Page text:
Curiously enough, it's not so much the 2D art that calls to me as it is my long put-aside sculpting. As my sensibilities have changed since returning to my beloved north woods and wind-tossed sea - and oh, they have, they have! - I cannot help but wonder what kind of sculpted creatures will issue forth now that I am no longer pushed by dreams of aggressive deer and stealthy cougars, by wakeful worries that chewed on my body and mind. With my parents gone long enough now that the edges of the damage they did me all the days of their lives have softened, I find the corresponding tension I carried forever in my shoulders has dropped. I was once the angriest person a number of people had ever known..they told me so. I'm so far from that person now that I doubt they'd even recognise me any longer. When I hit menopause, I made a intentional decision (remember, intent is everything) to choose smiles over scowls, trust over fear, love over hate. And you know? It's really hard to hold onto all the pain (anger is merely pain turned into something one can express with a modicum of perceived - not real - control) when you're in that centered place. See, there's that Middle Way again. Ha! But really, about the only torture that still has any hold over me (aside from fears of certain economic inadequacies and wondering if I'll ever have a partner-in-love again) is that of my own regrettable behaviour. Fear of repeating my ancient ways keeps me in hiding and causes me to lay awake, staring at the ceiling in the dark as the Greek Chorus in my head chants its blame and shame refrain. Yep, I'm stuck on the Train of Blame and Shame, an old refrain, again and again (re)borne of pain. But a life without shame means I have to explain that the pain simply offered no gain, and the sad main refrain, without feeling slain, can be finally, entirely be flushed down the drain. Hmmm...seems as though there's one of my oddly dark humoured poems in there somewhere.
Part of the good news in my attitude and latitude change (help, I can't stop rhyming!) is that I no longer consider death a ready option, a friend I can turn to if life can no longer be tolerated. And the most curious part is that I have been able to put aside those thoughts beCAUSE I now have an easy method to accomplish my own demise. No longer do I have to grapple with thoughts of how to accomplish the end without gore or pain. That, tender reader, has been deliciously and delicately solved for me. I shan't share HOW, for I don't wish some well-meaning idiot to interfere, but suffice it to say that I am set should the real need arise. But ever since I realised I could, without pain or an iffy outcome, I no longer think about it at all! Curious, no? After so many decades of justifying suicide in perfectly lucid, rational, logical terms I tell you it gives me pause to think that perhaps "suicidal ideation" truly WAS the ultimate truth of my thoughts. But either way, I have now put that thought utterly aside (unless the world blows up and I'm left to suffer the ravages of fate, or some wasting disease takes hold, in which case I am OUTTA here). Of course, having a thorough understanding (via experience, mostly) of the Cosmos' sense of humour, I'm aware that now that I've moved on from offing myself, some outer thing is more likely to strike me down. You don't believe the Cosmos HAS a sense of humor? Take another look at the reproductive act between humans. Is there ANYthing more ridiculous than two humans getting it on? Rabbits and hamsters look less silly than we do! At least they're quick about it. Humans (she said, rolling her eyes) need fore and afterplay, among other things. *sigh* We are a ridiculous species, all in all.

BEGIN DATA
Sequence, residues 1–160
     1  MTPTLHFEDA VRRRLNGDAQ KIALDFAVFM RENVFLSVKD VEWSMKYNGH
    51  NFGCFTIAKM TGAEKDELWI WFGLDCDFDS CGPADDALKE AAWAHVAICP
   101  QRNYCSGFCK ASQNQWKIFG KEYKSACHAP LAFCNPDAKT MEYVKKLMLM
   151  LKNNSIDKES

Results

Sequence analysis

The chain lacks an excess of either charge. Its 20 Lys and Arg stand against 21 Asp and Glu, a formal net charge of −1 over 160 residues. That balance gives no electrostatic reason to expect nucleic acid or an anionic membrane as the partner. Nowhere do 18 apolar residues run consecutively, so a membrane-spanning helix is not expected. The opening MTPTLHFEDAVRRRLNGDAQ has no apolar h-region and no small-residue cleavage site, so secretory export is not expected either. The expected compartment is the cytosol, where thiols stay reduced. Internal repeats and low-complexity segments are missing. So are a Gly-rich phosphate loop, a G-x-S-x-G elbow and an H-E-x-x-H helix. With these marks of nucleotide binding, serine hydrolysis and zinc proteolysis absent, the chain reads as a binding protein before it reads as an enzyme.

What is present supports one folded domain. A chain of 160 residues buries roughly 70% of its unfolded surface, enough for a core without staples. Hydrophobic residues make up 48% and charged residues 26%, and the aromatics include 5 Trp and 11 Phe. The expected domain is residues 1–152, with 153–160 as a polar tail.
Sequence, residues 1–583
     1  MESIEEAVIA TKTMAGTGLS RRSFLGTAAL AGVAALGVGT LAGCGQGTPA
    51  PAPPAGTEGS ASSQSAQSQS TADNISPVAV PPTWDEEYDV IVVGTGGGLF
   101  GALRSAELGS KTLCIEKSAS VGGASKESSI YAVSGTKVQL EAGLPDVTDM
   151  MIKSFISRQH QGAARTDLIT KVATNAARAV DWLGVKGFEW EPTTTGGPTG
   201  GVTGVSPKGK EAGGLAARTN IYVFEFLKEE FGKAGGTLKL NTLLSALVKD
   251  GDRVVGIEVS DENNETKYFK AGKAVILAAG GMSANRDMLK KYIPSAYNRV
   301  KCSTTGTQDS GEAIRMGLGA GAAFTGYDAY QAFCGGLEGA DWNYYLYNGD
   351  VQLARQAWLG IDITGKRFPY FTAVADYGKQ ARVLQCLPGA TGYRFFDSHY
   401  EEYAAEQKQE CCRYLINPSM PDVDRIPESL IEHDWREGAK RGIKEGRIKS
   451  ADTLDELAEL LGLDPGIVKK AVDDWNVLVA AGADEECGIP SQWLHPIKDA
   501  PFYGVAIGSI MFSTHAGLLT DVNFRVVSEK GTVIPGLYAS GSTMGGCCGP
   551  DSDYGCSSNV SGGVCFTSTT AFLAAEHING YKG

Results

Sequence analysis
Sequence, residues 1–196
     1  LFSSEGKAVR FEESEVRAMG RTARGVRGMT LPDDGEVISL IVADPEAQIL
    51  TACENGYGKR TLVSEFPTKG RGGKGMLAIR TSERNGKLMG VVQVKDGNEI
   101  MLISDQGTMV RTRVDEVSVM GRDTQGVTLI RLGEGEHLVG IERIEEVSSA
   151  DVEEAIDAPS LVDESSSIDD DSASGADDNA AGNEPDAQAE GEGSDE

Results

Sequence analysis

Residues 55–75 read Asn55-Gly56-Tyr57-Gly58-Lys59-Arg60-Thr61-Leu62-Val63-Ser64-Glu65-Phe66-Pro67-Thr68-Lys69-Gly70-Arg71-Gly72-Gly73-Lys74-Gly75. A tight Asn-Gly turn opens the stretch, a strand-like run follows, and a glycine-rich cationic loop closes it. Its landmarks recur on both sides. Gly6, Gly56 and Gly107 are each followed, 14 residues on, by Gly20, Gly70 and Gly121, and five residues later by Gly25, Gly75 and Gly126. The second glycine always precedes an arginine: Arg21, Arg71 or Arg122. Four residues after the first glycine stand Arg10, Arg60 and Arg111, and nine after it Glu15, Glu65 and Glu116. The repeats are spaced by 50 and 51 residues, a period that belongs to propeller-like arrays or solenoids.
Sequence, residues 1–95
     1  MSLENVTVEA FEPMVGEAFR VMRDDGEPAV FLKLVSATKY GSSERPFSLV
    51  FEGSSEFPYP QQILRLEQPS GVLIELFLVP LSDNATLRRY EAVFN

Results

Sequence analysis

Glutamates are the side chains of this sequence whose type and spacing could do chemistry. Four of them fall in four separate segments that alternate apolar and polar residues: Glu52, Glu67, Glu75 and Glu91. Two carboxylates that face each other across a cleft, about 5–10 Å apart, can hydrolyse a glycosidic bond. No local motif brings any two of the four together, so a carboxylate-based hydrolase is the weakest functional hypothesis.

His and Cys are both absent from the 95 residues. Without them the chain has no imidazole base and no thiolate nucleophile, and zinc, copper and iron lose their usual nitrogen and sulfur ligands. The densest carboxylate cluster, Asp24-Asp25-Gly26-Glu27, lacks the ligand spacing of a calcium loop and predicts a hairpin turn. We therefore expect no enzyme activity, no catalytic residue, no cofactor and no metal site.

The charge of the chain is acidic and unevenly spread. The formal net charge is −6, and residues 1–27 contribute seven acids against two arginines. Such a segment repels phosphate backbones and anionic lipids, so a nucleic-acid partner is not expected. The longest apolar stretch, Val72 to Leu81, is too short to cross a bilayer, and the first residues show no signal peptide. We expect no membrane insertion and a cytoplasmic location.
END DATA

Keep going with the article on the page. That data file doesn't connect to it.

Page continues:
So I started with childlike wonder at freshly fallen snow and have ended with a wizzened crone's view of sex. I'm certain there's a symbiotic relationship or two in there somewhere...
Sunday, December 14, 2008
I mean, you think of snow as white, right? Well just as with the "green" of trees, there are a myriad of colours lurking within that "white." Blues, purples, greys, yellows, reds...I see all those and more. Now to find a way to capture them with paint.
Honestly? I find little in art compares to the majesty in nature. Doesn't mean I won't keep trying to capture the way nature feels, mind. I'm just sayin'...
And so we get to the Sunday Uplift segment of our programming. Today I have combined the wonder of nature, snow, and art with a lovely short film created for the Shaker gallery of Greenwillow Farm depicting the Agano Snow Scene by Japanese woodcut master Hiroshige. For more information visit greenwillowfarm.com - video produced by southcountydigital.com
Wednesday, December 10, 2008
Before Pen and I became friends of the bosom (her dear phrase) I knew about Frida, of course, but then the marvelous movie came out and then I was redoing my cement floors (texture, stain, wax, repeat as needed), and Pen was up to her elbows and more, helping (artist and indefatigueable creative soul that she was at the time), and she loathed most of my music (Joni aside, of course), so she brought her own - Randy Travis and the soundtrack to Frida. *Deep breath* WELL. Randy Travis was every bit as out of the question as Whitesnake would have been if I'd had any, which I am happy and even a little proud to report I didn't, so we popped Frida in and the first strains of Lila Downs' magnificent voice singing "Benediction and Dream" swelled to fill the not-insubstantial cathedral-ceilinged room.